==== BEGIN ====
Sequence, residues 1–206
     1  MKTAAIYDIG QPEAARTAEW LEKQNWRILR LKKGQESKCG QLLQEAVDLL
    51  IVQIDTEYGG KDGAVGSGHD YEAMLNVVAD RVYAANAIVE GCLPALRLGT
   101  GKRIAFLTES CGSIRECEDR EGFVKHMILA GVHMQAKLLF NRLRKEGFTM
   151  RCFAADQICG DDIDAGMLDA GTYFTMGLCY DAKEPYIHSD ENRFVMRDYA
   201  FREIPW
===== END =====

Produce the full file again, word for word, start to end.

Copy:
Sequence, residues 1–206
     1  MKTAAIYDIG QPEAARTAEW LEKQNWRILR LKKGQESKCG QLLQEAVDLL
    51  IVQIDTEYGG KDGAVGSGHD YEAMLNVVAD RVYAANAIVE GCLPALRLGT
   101  GKRIAFLTES CGSIRECEDR EGFVKHMILA GVHMQAKLLF NRLRKEGFTM
   151  RCFAADQICG DDIDAGMLDA GTYFTMGLCY DAKEPYIHSD ENRFVMRDYA
   201  FREIPW